Electric Forest 2011: Zebbler

Visual prodigy, Zebbler answers a question from Tom LaPorte during an interview with Grand Central Magazine at the Electric Forest Festival at Double JJ Ranch in Rothbury, Mich. on July 3, 2011. Ryan Nielsen | Visuals Editor

On January 31, 2007, Boston experienced a bomb scare when city officials mistakenly identified battery-powered LED plaques depicting, Ignignokt, a character from the popular Adult Swim TV show ‘Aqua Teen Hunger Force’, as a series of homemade explosive devices.

This nation-wide guerilla advertising campaign was met with legal action from the city of Boston. The “coordinated hoax”, as officials deemed it, shut down more than a dozen highways and overpasses throughout the city. Who was to blame for this terrorist act of promotion? The answer – is Zebbler.

Zebbler dons a smile during an interview with GCM. Ryan Nielsen | Visuals Editor

Zebbler (Peter Berdovsky) is a genius of visual innovation. After graduating from the Massachusetts College of Art and Design in 2006, the lighting expert turned towards software creation, and visual technology enhancements.

Since then, Zebbler has remained a visual prodigy – heading the Shpongle Experience, and countless other musical complements. Shpongle’s set, which was accompanied by Zebbler’s visually overwhelming project, “Shpongletron”, quickly became the talk of the Electric Forest weekend.

Appropriately, Zebbler, alongside project partner Sean Stevens, held a press conference in wake of their 2007 Boston incident’s arrests, and trial.

Journalists were shocked when the duo insisted that all conference questions pertain to one topic – 1970s haircuts in America.

Grand Central Magazine had a chance to continue this famous conversation. The following poolside interview with Zebbler was co-administrated by Paul Young (GCM Arts and Entertainment Editor), and Tom LaPorte (Online media legend, Assistant Water Commissioner for the city of Chicago, and head of media relations for Burning Man festival in Nevada) inside the artist’s village of Rothbury’s Electric Forest. Enjoy.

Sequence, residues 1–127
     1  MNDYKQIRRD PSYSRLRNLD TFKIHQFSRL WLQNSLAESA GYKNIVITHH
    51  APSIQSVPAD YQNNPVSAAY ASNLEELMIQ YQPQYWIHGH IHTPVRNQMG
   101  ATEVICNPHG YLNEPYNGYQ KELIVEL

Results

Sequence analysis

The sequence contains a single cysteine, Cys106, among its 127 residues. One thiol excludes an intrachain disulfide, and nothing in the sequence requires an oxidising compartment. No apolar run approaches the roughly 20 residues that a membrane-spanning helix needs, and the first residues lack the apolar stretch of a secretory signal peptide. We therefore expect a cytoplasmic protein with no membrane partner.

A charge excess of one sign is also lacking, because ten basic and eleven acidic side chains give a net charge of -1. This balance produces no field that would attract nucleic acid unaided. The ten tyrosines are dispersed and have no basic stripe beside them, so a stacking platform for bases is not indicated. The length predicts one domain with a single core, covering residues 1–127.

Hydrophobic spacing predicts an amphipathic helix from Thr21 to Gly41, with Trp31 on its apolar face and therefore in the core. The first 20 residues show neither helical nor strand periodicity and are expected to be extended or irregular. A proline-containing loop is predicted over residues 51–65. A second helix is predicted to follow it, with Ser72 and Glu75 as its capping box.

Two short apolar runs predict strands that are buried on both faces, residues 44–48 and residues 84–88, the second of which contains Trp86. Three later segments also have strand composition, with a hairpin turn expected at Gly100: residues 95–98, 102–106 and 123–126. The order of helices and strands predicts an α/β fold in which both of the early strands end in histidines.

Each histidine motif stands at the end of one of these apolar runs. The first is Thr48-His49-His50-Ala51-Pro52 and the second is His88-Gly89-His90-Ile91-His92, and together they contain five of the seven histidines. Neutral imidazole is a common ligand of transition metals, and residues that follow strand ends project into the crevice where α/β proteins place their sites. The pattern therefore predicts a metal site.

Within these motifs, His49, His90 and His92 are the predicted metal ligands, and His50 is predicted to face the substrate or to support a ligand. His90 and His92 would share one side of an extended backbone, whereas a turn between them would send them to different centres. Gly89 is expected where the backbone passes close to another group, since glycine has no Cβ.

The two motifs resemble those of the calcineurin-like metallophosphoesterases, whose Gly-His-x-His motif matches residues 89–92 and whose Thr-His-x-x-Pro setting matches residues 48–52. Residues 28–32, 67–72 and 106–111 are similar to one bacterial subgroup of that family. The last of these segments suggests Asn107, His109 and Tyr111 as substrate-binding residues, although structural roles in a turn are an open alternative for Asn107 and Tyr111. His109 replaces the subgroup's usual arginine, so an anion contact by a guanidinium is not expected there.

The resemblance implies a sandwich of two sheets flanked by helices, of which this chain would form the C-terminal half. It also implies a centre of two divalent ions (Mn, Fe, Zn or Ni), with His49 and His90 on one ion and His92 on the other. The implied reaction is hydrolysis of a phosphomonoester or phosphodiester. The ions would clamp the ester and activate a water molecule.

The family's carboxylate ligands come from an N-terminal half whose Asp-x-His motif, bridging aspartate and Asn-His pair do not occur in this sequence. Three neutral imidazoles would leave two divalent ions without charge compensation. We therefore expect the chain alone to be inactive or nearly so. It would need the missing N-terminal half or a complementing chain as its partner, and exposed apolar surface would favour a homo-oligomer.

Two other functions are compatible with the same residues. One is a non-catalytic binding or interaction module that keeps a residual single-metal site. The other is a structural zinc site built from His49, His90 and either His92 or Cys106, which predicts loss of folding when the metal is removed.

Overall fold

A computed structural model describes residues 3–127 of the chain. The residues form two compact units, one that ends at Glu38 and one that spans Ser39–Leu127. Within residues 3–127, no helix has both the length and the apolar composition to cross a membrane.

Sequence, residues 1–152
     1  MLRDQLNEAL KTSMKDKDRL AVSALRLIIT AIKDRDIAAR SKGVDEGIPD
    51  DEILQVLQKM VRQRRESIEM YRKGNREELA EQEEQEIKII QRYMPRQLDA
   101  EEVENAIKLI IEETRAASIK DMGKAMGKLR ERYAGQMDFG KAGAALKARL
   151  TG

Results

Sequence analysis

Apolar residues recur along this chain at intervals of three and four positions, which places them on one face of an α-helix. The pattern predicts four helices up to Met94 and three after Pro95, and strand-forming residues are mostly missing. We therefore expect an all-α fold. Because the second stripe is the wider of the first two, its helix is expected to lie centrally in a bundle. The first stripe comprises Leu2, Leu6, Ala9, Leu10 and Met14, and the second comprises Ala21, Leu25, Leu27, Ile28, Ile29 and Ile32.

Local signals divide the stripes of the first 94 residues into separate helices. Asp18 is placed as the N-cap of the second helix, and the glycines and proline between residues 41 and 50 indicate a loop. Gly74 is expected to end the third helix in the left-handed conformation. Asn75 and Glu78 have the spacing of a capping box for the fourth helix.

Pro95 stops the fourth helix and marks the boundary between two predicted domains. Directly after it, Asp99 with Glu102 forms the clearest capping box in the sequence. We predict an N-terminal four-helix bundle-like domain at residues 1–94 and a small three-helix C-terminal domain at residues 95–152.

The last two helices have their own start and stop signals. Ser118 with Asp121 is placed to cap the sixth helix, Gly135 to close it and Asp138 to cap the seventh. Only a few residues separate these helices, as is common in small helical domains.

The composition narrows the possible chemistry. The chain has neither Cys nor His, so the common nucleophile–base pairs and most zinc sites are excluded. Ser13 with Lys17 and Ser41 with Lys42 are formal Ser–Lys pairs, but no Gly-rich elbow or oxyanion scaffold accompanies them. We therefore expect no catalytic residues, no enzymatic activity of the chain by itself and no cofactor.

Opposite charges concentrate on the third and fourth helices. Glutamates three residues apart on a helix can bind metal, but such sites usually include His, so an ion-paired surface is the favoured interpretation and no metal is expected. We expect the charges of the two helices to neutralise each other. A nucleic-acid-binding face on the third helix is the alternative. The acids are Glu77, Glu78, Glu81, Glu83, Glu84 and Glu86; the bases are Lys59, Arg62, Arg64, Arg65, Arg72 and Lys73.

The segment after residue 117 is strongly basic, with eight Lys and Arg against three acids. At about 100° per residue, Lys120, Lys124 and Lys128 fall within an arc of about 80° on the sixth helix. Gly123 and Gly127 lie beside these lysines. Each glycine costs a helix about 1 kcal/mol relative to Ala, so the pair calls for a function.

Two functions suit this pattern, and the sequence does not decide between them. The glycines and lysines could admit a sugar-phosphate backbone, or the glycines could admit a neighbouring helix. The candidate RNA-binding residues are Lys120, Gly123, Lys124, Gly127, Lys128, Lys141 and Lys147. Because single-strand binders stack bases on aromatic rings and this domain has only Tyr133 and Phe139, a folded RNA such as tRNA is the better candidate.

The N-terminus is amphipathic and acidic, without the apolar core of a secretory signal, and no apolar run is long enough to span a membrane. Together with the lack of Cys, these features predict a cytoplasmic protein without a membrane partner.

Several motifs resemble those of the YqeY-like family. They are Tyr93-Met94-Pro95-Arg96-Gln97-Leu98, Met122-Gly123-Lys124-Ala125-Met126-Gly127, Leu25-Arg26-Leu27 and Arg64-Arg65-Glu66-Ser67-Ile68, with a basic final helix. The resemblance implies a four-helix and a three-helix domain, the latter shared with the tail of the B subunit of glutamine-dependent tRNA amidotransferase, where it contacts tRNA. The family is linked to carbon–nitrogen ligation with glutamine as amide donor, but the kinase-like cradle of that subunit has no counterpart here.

PY: So what is your favorite 70s haircut?

Z: You know, I really didn’t have much understanding of the 70s hair to begin with, and even now I still don’t. I’m kind of down to explore the era a bit more, you know?

PY: I feel like I can name only one 70s haircut. That must have been a tough press conference.

Z: Well especially me. I was like, ‘I’m not even from this country.’ It was like, ‘what the fuck’?

PY: Where are you from then?

Z: Belarus originally, which is former Soviet Union. All I know really is like the Beatles maybe. And I know that 70s straight-hair look for the dudes – like greasy straight hair for the rockers.

PY: Basically my dad’s haircut from then.


Z: Is there a name for that style?

PY: I would call it the ‘Bill Young’, but he might get offended.

Z: Who?

PY: That’s my dad’s name.


PY: Enough about my dad. As far as lighting goes, why does the lighting engineer not always get the limelight? Is this changing at all?

Z: I think things are changing now because technology is improving so much that more people are able to use that new technology to create something really cool. Lighting wise, giant festivals are always a huge inspiration for me. You get to see technology that is so expensive, and normally is out of reach of anyone. You know, when 100,000 people come together that money just pulls together to bring out the best lighting sometimes. Coachella was like that for me when we performed with Shpongle. It was just overwhelming. There were three-dimensional floating LED screens that were transparent – filling the tent. Thousands of people just tripping out – so hard. It was beautiful. I mean, really beautiful. So I’m inspired by that, but I’m also inspired by just… the unpredictability of it all. Technology is changing so fast, you know, kids today, like 18-years-old – they’ve already been exposed to it. Sometimes it matters how much you’re exposed to the new technology. Otherwise you get used to the same kind of flow. So all the new technology coming out is making things unpredictable. It’s amazing.

PY: Give us an idea of your role in all of this. For those of us in the audience it seems like fun to play with lights – but what kind of work goes into a large-scale lighting production such as the Spongletron?

Z: Basically, I headed the project. We had such a short time to do it that
I needed to put together a team of really competent people to help me out at every level. So we had about four videographers and video editors working on this project – video animators too. We had a guy who was really good at welding metal. I created the sculpture myself – I made a ton of content for it. Pulled together the whole concept. We have a really talented seamstress Miss. Tess – she was awesome. She made all of our screens. Then, of course, there were the people that helped manage the tour.

PY: What about during the show?